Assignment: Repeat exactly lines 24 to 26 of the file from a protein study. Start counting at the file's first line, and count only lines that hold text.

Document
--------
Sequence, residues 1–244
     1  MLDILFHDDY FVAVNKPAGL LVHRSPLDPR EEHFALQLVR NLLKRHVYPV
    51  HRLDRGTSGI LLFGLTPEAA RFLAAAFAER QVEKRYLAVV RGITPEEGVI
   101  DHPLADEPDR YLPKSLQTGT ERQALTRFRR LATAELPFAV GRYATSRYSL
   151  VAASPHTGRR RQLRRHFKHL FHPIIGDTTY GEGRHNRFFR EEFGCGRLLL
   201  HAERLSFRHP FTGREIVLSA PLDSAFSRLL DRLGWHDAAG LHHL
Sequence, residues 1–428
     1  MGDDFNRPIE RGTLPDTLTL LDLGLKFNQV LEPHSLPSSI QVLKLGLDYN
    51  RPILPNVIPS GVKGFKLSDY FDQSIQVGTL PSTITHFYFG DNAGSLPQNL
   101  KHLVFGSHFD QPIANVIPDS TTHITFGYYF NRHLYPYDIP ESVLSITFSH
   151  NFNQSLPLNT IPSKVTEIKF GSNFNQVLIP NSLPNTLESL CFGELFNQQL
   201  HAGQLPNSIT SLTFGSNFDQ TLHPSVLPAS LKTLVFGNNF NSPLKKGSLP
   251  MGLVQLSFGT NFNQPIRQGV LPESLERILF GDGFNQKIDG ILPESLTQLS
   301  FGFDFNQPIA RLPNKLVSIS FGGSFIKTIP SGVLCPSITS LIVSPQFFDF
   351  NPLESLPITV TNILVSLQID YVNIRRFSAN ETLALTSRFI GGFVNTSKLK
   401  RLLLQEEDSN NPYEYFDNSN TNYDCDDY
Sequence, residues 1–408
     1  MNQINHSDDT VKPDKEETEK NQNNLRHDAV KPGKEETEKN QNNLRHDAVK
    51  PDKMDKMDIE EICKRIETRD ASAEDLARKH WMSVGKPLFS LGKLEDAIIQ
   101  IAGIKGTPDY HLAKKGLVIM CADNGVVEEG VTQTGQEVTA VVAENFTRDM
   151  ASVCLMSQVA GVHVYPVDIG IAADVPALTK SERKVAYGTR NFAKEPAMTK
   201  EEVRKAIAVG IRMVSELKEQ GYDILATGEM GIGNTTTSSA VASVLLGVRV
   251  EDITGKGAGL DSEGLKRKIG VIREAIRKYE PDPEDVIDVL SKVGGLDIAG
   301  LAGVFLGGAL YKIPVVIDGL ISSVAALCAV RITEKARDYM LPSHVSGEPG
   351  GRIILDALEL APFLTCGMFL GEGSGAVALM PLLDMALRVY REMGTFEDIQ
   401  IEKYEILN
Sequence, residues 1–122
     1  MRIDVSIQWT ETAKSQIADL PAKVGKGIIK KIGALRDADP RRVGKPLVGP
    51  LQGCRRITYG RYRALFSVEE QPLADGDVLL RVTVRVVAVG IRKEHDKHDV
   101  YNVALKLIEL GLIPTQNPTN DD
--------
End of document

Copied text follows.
   301  LAGVFLGGAL YKIPVVIDGL ISSVAALCAV RITEKARDYM LPSHVSGEPG
   351  GRIILDALEL APFLTCGMFL GEGSGAVALM PLLDMALRVY REMGTFEDIQ
   401  IEKYEILN